Q: I am a 55 and own a house in Chicago. I decided to change my career and to pursue a PhD beginning in the fall of 2018. Meanwhile, I just accepted a 1-year position in Seattle, and am not sure after my year away whether I will return to Chicago, stay in Seattle, or potentially move to Ann Arbor, Michigan, the three top cities for programs in my field of study.
Here’s my question: Should I sell or rent my house out? My property taxes are rising more rapidly than home values, relatively.
A: Time is the most important consideration when it comes to buying or selling a home. That’s because real estate is such an illiquid investment.
We often say that if you’re not sure you’re going to be in your next house for the next 5 to 10 years, you should rent rather than buy. That’s because home prices typically move upward at just over the rate of inflation. If inflation is 1 to 2 percent, you could reasonably expect your home price to rise 2 to 3 percent per year.
In addition, there are costs and expenses that could reach between 6 and 10 percent of the sales price of your home, including the sales commission, transfer taxes and fees, title insurance (which sellers often provide), and many others. And, many sellers will face moving costs, storage costs, and move-in costs for their new home, whether they buy or rent it.
So, back to your situation, and the question of whether you should sell or rent your house. You’re moving to Seattle for a year and planning a big change in your life. You’re going to change careers and pursue a PhD program. All of this will unfold over the next five years and you don’t know where you’ll be. From your email, it looks as though Chicago has only a 33 percent chance of being the place where you’ll wind up. We’re not sure we’d bet on those odds.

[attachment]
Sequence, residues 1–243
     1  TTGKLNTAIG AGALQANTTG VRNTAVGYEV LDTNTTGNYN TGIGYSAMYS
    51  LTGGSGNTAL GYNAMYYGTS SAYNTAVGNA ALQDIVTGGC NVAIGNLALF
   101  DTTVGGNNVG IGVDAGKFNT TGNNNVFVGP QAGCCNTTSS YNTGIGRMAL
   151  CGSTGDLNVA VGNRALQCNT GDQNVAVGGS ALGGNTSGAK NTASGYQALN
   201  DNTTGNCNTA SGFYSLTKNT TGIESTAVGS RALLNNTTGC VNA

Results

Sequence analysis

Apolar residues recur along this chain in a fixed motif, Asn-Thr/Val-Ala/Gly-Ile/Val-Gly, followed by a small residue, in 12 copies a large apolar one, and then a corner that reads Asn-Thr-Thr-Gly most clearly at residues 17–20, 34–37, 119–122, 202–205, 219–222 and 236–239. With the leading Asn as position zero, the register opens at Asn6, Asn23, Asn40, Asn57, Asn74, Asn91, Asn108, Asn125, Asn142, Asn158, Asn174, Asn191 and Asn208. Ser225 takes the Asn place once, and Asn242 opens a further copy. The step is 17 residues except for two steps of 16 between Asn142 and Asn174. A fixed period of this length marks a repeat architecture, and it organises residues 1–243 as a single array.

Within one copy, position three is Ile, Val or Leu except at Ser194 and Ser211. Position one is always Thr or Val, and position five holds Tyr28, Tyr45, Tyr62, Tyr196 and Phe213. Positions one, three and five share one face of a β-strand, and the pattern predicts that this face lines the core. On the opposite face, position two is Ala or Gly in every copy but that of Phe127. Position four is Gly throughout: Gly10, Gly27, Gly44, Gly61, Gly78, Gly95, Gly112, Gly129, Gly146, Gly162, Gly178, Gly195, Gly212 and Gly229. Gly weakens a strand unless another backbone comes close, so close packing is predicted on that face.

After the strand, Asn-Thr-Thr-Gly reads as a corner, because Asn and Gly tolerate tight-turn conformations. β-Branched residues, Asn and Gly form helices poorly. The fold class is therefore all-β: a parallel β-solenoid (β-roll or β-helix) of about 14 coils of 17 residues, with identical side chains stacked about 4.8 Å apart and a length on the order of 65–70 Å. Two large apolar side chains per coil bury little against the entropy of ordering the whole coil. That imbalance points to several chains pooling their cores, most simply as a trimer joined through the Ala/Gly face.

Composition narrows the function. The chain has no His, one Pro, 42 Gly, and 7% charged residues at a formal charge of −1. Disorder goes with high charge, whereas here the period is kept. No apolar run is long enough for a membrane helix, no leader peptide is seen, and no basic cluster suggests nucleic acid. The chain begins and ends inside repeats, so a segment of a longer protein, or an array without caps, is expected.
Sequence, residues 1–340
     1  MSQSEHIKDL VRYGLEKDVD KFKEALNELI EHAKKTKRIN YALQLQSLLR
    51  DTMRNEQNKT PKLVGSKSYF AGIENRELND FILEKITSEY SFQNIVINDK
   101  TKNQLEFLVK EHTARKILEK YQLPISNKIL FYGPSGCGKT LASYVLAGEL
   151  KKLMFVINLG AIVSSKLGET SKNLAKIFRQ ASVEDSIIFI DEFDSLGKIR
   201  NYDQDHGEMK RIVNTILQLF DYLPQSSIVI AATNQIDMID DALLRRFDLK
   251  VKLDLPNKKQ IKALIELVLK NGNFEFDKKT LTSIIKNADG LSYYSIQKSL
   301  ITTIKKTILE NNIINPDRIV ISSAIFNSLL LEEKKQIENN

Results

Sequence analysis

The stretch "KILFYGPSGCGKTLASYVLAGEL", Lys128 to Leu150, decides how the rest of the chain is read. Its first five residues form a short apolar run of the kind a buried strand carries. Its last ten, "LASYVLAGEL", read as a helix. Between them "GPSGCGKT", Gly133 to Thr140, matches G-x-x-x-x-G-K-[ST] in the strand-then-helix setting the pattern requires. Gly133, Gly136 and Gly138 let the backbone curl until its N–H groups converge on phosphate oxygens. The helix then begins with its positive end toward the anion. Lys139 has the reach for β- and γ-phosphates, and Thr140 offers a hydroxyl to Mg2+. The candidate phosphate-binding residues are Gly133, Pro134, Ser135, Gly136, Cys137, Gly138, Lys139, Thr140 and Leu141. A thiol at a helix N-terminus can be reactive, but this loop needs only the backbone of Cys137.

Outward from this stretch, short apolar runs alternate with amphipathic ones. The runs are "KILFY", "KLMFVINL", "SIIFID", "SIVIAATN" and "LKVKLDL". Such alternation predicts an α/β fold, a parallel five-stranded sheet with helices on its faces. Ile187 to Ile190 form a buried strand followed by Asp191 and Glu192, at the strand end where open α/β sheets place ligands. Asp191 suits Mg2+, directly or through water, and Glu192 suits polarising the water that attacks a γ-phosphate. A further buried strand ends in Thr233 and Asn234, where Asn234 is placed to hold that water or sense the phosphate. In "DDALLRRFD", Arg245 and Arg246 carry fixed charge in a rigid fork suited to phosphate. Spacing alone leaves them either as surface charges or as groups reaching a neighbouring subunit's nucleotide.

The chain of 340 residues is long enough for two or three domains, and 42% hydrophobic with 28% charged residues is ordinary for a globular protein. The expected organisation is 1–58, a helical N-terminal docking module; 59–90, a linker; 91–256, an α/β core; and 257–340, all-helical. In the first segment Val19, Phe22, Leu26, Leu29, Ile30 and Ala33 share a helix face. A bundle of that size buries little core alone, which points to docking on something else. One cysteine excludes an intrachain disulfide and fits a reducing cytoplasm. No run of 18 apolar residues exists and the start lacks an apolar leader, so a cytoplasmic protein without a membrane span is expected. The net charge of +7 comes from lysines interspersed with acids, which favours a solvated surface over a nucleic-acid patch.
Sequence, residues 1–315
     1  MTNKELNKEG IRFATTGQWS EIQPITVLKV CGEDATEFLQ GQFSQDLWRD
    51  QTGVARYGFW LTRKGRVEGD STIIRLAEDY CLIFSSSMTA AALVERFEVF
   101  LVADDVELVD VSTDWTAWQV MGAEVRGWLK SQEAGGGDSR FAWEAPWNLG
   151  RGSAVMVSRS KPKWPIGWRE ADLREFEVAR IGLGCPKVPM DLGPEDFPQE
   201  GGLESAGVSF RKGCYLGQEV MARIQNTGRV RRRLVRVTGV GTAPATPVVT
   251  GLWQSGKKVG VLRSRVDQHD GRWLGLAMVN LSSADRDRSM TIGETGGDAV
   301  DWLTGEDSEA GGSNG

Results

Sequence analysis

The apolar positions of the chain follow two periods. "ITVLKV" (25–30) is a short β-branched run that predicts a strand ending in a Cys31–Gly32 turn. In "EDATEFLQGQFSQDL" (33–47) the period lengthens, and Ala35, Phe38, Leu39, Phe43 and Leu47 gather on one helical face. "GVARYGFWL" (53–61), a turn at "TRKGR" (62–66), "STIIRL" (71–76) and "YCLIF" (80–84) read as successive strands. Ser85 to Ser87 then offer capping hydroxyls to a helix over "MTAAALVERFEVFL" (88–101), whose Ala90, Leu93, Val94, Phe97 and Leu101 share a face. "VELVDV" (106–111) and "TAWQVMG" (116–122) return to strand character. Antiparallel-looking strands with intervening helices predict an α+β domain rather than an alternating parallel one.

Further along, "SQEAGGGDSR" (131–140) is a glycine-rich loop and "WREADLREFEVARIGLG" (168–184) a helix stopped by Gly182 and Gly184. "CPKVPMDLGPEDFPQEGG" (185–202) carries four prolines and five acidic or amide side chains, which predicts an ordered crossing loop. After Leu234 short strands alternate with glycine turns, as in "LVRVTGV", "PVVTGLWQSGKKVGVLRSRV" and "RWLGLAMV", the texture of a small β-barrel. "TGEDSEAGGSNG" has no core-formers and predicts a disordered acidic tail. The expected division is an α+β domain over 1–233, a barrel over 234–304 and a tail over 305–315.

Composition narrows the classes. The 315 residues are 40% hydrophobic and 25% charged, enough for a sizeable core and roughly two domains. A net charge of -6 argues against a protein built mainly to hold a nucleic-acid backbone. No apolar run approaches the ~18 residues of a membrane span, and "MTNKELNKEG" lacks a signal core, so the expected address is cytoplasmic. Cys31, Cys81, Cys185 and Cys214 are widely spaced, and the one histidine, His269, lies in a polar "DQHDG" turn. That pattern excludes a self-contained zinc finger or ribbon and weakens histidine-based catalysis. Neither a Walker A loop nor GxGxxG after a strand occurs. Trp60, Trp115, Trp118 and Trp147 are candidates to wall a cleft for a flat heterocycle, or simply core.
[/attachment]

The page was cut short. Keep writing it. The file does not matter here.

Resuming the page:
And, there’s this: Let’s say you do wind up in Chicago. Will the PhD program you attend going to be close enough to your townhouse for the commute to make sense? And, will you be able to afford it?
While you’re noticing that your property tax bill is rising faster than your home value, there are other costs and expenses required to maintain your property. If you’re managing the property all the way from Seattle and there is a problem, it’ll take time to figure out who to call and manage the situation for your tenants. And, even if you get great tenants, and your townhouse doesn’t really have any problems in the first year, what happens if you decide to stay in Seattle but the market is a little slower in a year?
In short, we don’t think that trying to manage a rental property in Chicago from Seattle makes a lot of sense unless you’re fairly certain you’re returning, and that it would make sense to live in your house as you move forward with your new career.
The good news is there are a lot of advantages to selling now. If you sell now, you take advantage of the hot Spring market, and have cash in your pocket in case you decide to stay in Seattle and find a good property there to buy. You also don’t have to worry about what’s happening to your property, like finding good tenants, fixing broken appliances and rising property taxes, which means less stress for you. Even if you come back to Chicago, you have more flexibility.
In short, we think you should sell your house now, and go off to Seattle focused only on your new job and future career.
Ilyce Glink is the Publisher of ThinkGlink.com and the Founder/CEO of Best Money Moves. She co-writes her nationally syndicated column with Sam Tamkin, a real estate attorney based in Chicago.
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